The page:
North Carolina’s Voter ID Law: A Burden on the Right to Vote
Amidst an already controversial and historic election cycle, federal courts have stepped in to strike down or modify states’ voter identification (ID) laws. On July 29, 2016, the United States Court of Appeals for the Fourth Circuit unanimously overturned a decision by the United States District Court for the Middle District of North Carolina and struck down provisions of North Carolina’s voter ID law. N.C. State Conference of the NAACP v. McCrory, No. 16-1468, No. 16-1469, No. 16-1474, No. 16-1529, 2016 WL 4053033 (4th Cir. July 29, 2016). In its opinion, the Fourth Circuit recognized the “disproportionate [negative] impact” that North Carolina’s voter ID law, SL 2013-381, had on African Americans attempting to vote in the state. See id. at *15. Considering the history of voting discrimination in North Carolina and the inexorable link between race and party lines, the Fourth Circuit struck down certain provisions of SL 2013-381, finding that they were motivated by “discriminatory racial intent” in violation of the Voting Rights Act of 1965. Id. at *17.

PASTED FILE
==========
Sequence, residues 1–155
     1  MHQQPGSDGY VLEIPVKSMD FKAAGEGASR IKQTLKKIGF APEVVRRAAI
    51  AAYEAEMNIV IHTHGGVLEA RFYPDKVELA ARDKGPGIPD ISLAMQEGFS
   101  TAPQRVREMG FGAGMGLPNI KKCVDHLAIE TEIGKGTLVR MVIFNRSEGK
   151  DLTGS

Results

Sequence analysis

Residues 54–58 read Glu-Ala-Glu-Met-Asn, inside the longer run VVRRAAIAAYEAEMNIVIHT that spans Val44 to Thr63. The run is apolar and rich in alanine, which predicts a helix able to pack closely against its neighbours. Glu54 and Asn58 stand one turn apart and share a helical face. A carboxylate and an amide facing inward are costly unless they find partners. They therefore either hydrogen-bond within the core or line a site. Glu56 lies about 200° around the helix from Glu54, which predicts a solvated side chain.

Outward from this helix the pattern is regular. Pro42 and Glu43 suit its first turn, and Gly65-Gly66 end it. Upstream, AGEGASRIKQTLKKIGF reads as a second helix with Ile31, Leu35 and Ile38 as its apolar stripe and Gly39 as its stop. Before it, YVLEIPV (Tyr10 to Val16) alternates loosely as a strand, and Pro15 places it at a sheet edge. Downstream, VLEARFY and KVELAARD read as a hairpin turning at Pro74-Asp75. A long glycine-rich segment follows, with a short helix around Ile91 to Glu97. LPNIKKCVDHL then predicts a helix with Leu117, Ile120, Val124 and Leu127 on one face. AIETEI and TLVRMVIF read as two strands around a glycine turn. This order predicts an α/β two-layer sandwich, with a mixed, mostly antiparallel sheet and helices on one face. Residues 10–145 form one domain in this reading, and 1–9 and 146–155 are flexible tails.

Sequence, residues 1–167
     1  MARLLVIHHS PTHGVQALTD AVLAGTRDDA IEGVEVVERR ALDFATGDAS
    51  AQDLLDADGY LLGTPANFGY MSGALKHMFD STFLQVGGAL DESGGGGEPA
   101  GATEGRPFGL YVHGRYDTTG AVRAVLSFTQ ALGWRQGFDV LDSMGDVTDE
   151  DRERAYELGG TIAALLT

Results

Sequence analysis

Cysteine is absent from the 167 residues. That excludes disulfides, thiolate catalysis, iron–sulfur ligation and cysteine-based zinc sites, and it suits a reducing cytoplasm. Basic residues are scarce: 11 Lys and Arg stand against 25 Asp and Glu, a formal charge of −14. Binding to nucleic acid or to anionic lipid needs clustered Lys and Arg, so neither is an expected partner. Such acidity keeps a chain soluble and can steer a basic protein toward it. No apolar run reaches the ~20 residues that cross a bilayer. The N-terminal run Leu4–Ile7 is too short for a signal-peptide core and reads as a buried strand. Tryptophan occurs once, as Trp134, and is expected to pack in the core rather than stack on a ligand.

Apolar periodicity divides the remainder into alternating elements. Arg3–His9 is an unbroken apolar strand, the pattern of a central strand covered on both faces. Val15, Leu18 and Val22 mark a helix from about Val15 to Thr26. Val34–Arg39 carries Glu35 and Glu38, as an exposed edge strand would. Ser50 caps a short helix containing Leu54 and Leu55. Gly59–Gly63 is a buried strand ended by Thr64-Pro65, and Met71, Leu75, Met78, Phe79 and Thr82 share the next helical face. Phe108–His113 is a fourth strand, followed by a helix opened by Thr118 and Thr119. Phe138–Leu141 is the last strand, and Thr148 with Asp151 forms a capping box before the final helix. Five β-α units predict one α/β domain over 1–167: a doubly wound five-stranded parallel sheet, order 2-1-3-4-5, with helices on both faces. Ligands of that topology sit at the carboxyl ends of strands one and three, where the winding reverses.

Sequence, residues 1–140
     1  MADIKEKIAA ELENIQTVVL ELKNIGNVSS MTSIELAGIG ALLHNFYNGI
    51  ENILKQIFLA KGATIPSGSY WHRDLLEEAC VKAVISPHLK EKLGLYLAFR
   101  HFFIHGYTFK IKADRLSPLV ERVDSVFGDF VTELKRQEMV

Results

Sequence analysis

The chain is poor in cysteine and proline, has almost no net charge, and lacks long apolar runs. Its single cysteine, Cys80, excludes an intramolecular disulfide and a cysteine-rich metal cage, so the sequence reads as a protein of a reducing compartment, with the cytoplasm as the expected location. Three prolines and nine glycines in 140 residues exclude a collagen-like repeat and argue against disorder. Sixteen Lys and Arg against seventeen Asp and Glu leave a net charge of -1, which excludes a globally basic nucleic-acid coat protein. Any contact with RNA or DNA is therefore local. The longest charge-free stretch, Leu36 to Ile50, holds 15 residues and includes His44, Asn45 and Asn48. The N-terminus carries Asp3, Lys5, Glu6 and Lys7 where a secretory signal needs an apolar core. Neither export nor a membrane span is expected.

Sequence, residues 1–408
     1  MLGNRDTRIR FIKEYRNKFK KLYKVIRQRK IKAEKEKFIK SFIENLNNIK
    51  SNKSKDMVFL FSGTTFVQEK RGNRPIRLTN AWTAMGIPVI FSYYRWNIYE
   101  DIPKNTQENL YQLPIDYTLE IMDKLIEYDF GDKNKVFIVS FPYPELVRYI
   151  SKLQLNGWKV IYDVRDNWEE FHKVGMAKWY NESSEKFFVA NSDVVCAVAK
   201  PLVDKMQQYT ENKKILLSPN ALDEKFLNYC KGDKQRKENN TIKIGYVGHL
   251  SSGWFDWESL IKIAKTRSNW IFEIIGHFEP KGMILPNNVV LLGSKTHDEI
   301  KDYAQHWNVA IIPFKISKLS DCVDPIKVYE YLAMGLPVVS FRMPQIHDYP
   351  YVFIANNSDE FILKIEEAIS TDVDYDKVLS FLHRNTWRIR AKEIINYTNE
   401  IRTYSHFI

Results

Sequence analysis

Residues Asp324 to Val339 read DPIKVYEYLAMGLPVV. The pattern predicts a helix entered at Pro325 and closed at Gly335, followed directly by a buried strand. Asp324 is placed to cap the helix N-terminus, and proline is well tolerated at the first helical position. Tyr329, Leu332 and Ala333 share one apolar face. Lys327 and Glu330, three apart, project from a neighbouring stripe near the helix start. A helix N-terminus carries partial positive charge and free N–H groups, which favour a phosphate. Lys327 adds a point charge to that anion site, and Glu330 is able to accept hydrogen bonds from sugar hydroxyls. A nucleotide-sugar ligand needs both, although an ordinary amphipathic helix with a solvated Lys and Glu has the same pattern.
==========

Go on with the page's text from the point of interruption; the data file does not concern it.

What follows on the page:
Designed to protect the voting rights guaranteed by the Fourteenth and Fifteenth Amendments, the Voting Rights Act prohibited every state and local government from imposing any voting law that would result in discrimination against racial or language minorities. See Voting Rights Act of 1965, Pub. L. 89-110 §§ 2, 4 (1965) (codified at 52 U.S.C. §§ 10301, 10303(f)(2) (2012)). Section 5 of the Act established a preclearance requirement that prohibited certain jurisdictions, including North Carolina, from implementing any change affecting voting without receiving preapproval from the United States Attorney General or the United States District Court for the District of Columbia. See id. § 5 (codified at 52 U.S.C § 10304 (2012)). Section 5 utilized a coverage formula originally designed to encompass jurisdictions that engaged in egregious voting discrimination in 1965. See id. In 2013, the United States Supreme Court struck down the coverage formula as unconstitutional in Shelby Cty. v. Holder. 133 S. Ct. 2612, 2631 (2013). Finding the formula outdated and no longer responsive to current conditions, the Court declared that it violated the principles of federalism. See id. at 2618, 2629. The Supreme Court did not strike down Section 5, but without the formula, Section 5 was unenforceable. See id. at 2631.